Clogged drains are the bane of most every homeowner’s existence but it need not be so. The key to clearing clogged drains is understanding how your home’s plumbing system is designed to function. The kitchen sink drain in modern homes is designed to be self-scouring. In other words, it uses a large volume of water draining down its length to scour the interior pipe walls and wash away accumulated sludge and grime. Merely allowing water from the faucet to flow directly down the drain is usually insufficient to keep the drain running free and clear. The best and most efficient use of the kitchen sink is to fill the basin with water and then wash dishes, fruits, vegetables, etc. Then pull the plug or crumb basket and allow that full discharge of water to do its work, cleaning the drain and keeping it flushed clear of debris. If, however, your sink does become plugged, follow these simple steps to unclog the drain.
- Gather long rubber or plastic gloves, a bucket, a sponge, a sink plunger, a garden hose with a spray nozzle, a pair of water pump pliers (also called “Channellocks” after the most prolific manufacturer), and plenty of rags.
- If water is standing in the sink basin, bail it out with a bucket or other small container.
- Remove any debris that remains in the sink basin.
- Remove the crumb cup or basket strainer.
- If you have a screw-in type basket strainer in the other basin, install it and screw it down firmly.
- A sink plunger is different than a toilet plunger in that the sink plunger is flat across the bottom and is cup shaped. It is also called a force cup in some locations.
Clearing the drain
- Run about two inches of hot water in the plugged side of the sink.
- Lower the plunger in the sink at an angle. You want the cup to fill with water.
- Set the plunger centered over the drain.
- Using both hands, push the plunger down and then pull up on it sharply. Do this several times and then remove the plunger by tipping it sideways. The resulting suction should pull up a nasty mass of whatever was plugging the drain.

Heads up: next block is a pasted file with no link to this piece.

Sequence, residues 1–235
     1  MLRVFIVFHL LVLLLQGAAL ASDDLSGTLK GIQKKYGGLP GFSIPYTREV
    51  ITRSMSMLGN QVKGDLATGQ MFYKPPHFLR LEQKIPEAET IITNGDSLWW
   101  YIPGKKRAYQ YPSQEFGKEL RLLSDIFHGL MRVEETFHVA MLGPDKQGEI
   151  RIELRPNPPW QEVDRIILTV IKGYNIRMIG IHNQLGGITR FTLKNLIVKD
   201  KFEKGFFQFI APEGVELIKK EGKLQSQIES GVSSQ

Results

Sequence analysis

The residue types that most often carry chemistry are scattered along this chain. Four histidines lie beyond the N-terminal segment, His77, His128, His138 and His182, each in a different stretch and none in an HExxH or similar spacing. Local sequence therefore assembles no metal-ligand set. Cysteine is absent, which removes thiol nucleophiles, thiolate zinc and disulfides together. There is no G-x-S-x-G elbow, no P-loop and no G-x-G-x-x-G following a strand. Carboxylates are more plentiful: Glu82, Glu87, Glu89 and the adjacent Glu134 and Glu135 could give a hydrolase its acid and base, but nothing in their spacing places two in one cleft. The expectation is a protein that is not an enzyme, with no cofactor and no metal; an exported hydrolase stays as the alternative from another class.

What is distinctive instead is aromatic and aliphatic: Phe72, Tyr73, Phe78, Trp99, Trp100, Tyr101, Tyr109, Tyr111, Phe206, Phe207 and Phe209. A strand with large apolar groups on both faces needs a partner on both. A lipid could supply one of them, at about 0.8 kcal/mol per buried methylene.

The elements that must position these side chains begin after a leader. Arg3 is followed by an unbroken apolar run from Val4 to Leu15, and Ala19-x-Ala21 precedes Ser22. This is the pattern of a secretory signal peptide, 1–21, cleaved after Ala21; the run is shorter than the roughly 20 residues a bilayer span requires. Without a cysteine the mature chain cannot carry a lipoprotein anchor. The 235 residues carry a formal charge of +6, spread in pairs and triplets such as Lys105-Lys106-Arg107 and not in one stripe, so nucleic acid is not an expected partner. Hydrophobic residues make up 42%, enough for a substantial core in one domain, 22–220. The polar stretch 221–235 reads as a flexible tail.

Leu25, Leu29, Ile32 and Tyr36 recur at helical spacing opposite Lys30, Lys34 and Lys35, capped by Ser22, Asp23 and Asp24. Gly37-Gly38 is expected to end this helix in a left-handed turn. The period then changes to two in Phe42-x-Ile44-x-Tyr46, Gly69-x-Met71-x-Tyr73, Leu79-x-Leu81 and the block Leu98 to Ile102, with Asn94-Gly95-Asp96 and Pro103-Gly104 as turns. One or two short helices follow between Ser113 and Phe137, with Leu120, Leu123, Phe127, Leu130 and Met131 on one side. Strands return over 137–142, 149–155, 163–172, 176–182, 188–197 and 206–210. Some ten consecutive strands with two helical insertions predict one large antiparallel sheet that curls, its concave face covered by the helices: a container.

- Quickly scoop out the offending detritus from the basin before it can return down the drain. If the standing water rushes down the drain in a spiral you have cleared the drain successfully. If not, re-plunge the drain again. For stubborn drains, you may have to repeat the plunging several times.
Using a drain cable
- If plunging the drain does not clear it, you will have to use an auger to auger out the drain pipe.
- Sewer cables are popularly called ‘snakes’ but technically speaking they are augers or drain cleaning cables.
- Remove the standing water from the basin.
- Place a bucket under the trap below the sink and remove the p-trap, catching the water in the bucket.
- Remove the wall bend ( the curved piece of pipe that goes from the p-trap to the wall) and insert the end of the cable. You may have to turn the cable slightly to make the end pass through the drain fitting in the wall and go down the pipe.
- Turn the cable while feeding it down the pipe. If you hit an obstruction, stop feeding the cable and focus on turning it. The turning cable will cut the stoppage away.
- Insert the garden hose in the drain pipe. Tightly plug the pipe opening with rags and turn on the water. The high pressure water flow will rinse the stoppage debris on down the pipe.
Do not use drain cleaner to unplug the sink. If you do use drain cleaner and then opt to call a plumber, by all means alert the plumber that you put drain cleaner in the pipes. It is an acid that can injure someone.
Remember when using the plunger that you are not trying to force the stoppage down the pipe, you are trying to suck it up and out.
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